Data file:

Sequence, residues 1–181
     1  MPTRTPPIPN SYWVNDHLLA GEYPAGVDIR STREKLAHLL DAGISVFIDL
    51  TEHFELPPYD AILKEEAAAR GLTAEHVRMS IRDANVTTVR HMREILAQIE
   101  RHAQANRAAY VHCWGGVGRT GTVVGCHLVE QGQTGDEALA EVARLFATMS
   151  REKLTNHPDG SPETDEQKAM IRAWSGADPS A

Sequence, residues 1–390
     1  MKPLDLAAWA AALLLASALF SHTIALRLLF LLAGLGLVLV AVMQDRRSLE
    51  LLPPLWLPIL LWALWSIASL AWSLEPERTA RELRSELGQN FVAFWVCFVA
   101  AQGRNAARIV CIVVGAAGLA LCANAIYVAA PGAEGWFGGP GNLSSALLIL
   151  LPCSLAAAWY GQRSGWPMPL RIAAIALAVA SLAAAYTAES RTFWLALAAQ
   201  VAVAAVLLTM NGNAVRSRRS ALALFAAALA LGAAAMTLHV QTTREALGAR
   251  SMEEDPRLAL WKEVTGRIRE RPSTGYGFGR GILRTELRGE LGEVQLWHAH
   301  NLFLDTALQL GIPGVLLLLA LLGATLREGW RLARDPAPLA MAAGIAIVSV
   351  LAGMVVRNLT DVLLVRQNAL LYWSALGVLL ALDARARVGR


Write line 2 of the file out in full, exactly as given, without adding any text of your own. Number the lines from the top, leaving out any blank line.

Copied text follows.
     1  MPTRTPPIPN SYWVNDHLLA GEYPAGVDIR STREKLAHLL DAGISVFIDL